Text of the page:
KARACHI: While questioning the coaches’ role particularly when the players are facing technical problems in high-pressure games, former Pakistan captain Asif Iqbal believes the country’s recent Test series loss to New Zealand in the UAE where the conditions fully suit the hosts is a major concern.
“While gauging the present state of Pakistan cricket on the basis of the team’s recent performance, it is unfair to just talk about the Test series which our team lost 3-0 in South Africa. Not many teams have won Test matches in that country, and not to forget Pakistan [seventh] currently are not well-placed in the ICC Test rankings,” Asif responded to a question on the current condition of Pakistan cricket during an exclusive interview with Dawn here at Karachi Gymkhana on Tuesday.
“To me, the way Pakistan lost their Test series to New Zealand in home-like conditions in the UAE is the real cause for concern because the place has been a happy hunting ground for our team over the past decade or so. The other worrisome aspect of this series is that our batsmen faltered while chasing [relatively] smaller totals,” he continued.
“As regards limited-overs cricket, Pakistan are doing very well and are placed number one in the current world Twenty20 rankings which is a healthy sign. Also in ODIs, our team has produced reasonably good performances.”
Asif emphasised that a Pakistani coach could be the right recipe to address the issues faced by the current national team.
“I would like to see a qualified Pakistani [head] coach who is a respected figure in our cricketing circles, the one who understands our culture. It would help develop better communication between coaching staff and players. Under him we can have qualified assistant coaches, including foreign.”
Replying to a query on the perennial problem of fragile Pakistan batting which yet again crumbled in the South Africa Tests, Asif while acknowledging the batsmen’s shortcomings questioned the role of coaches.
“We always criticise our batsmen for not coming up to the mark, particularly in Test cricket. However, one needs to ask what role have the head coach and batting coach, who are specialised in their fields, have been doing for more than a couple of years to address the problems faced by our batsmen in crunch games under pressure situations,” Asif, who led Pakistan in the first two World Cups in 1975 and 1979, said.
“Some of our present batsmen have played 50 or more Tests, and yet they have been committing the same mistakes. But what have the coaches been doing in rectifying these mistakes of our batsmen who are talented but do not deliver consistently? I think coaches, how they manage their professional responsibility, should also be questioned,” he maintained.
Giving the example of batting great Rahul Dravid who was appointed the coach of India’s U-19 team which paid rich dividends, Asif said similar steps were needed by Pakistan.
“Dravid was named head coach-cum-batting coach of India’s U-19 squad, a move that worked successfully and helped them produce quality young players some of whom were promoted to the senior team which on their recent tour to Australia performed exceptionally. Pakistan also needs a permanent U-19 team coach, an experienced ex-cricketer who could groom our players for the junior as well as senior team,” he elaborated.
Responding to a question on the captaincy of Sarfraz Ahmed who has been criticised for the team’s recent defeats, Asif said the whole picture needs to be looked into.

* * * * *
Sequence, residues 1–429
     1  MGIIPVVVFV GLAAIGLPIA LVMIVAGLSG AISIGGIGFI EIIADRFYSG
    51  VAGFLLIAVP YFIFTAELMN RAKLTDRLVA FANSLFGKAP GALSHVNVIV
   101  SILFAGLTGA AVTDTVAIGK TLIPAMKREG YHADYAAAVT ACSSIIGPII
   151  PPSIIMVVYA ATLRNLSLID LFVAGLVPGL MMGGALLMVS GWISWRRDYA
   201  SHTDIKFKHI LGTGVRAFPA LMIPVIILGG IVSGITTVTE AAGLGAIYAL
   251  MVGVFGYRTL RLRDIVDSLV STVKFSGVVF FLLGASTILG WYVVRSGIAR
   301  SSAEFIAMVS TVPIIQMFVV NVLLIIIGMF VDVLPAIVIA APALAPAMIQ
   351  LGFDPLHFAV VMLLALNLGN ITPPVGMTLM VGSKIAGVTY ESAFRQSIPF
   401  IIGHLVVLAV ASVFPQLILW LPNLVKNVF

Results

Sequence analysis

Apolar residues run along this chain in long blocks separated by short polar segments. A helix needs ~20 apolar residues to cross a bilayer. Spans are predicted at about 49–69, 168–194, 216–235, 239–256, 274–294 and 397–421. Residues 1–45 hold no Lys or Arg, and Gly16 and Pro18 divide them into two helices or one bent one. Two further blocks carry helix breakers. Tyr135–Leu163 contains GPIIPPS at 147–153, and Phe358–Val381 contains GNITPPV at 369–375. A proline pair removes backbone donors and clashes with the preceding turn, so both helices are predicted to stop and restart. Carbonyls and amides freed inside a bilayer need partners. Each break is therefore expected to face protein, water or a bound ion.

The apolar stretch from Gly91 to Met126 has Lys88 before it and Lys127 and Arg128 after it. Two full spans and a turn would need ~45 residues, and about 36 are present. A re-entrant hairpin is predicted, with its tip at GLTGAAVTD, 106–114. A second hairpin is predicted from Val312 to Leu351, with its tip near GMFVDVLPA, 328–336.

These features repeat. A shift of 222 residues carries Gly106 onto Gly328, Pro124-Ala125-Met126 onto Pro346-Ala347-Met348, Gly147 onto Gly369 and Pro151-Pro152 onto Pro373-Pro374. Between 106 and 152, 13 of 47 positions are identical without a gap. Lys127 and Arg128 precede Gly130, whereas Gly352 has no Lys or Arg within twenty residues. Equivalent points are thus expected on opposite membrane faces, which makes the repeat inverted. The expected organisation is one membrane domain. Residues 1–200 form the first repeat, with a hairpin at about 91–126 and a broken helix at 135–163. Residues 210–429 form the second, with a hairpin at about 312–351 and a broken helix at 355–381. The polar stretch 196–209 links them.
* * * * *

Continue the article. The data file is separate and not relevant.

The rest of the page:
“I stand by my [recent] media statement that Sarfraz should not be the captain of Test team. The reason is that when the team loses a ‘home’ Test [in UAE], it puts added pressure on him which can affect his captaincy and batting in limited-overs games where his team have done pretty well ever since they won the 2017 Champions Trophy. And no doubt he is the right choice to lead Pakistan at the  World Cup.”
When asked to give his view on this year’s 50-over World Cup being staged in England and Wales, the ex-Pakistan captain affirmed there were no out-and-out favourites at the mega event.
“In World Cup, any team playing better than their opponents on a given day will win the trophy,” he said. “If you recall, India downed mighty West Indies in the 1983 World Cup final; similarly Pakistan out of nowhere clinched the 1992 edition. Therefore, Pakistan [despite their unpredictability] are as much favourites as any other team at the World Cup.”
Asif, a veteran of 58 Tests, feels the existing overall state of Pakistan cricket with Ehsan Mani as PCB chairman is fairly good.
“The good thing about our cricket is that we now have a new PCB chairman who is a genuine cricket administrator unlike some of the previous Board chiefs who were political appointees with passionate love for the game but not having the understanding of how to run a cricketing administration,” he said.
“Cricket is now a complete industry, and therefore we need a chairman who can bring proper corporate culture into the game by appointing relevant professionals. Every department related to the playing of the game, like selection committee and staff running academies, should be having experienced cricketers having the relevant knowledge.”
As regards the role of the PCB administration, the former right-handed batsman said, the future of Pakistan cricket must be kept in mind.
“Departments like marketing and finance should be functioning to generate maximum funds, not just to pay the [current] professional cricketers, but also to promote the sport at the level of schools, universities, clubs and associations from where talented players actually emerge,” the 75-year-old Asif insisted.
“Moreover, we should focus more on enhancing the role of our National Cricket Academy which should be the breeding ground for future stars, not privately-run academies.”
Published in Dawn, January 23rd, 2019